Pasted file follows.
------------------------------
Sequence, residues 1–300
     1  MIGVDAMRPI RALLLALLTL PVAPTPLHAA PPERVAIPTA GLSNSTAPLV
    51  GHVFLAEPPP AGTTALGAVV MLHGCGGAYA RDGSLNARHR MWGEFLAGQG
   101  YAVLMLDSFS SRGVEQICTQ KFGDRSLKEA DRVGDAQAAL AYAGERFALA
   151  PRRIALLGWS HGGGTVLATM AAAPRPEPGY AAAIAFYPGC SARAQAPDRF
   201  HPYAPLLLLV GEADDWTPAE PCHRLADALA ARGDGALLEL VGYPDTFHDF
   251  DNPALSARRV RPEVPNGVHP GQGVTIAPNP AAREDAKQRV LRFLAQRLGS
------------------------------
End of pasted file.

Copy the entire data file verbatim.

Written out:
Sequence, residues 1–300
     1  MIGVDAMRPI RALLLALLTL PVAPTPLHAA PPERVAIPTA GLSNSTAPLV
    51  GHVFLAEPPP AGTTALGAVV MLHGCGGAYA RDGSLNARHR MWGEFLAGQG
   101  YAVLMLDSFS SRGVEQICTQ KFGDRSLKEA DRVGDAQAAL AYAGERFALA
   151  PRRIALLGWS HGGGTVLATM AAAPRPEPGY AAAIAFYPGC SARAQAPDRF
   201  HPYAPLLLLV GEADDWTPAE PCHRLADALA ARGDGALLEL VGYPDTFHDF
   251  DNPALSARRV RPEVPNGVHP GQGVTIAPNP AAREDAKQRV LRFLAQRLGS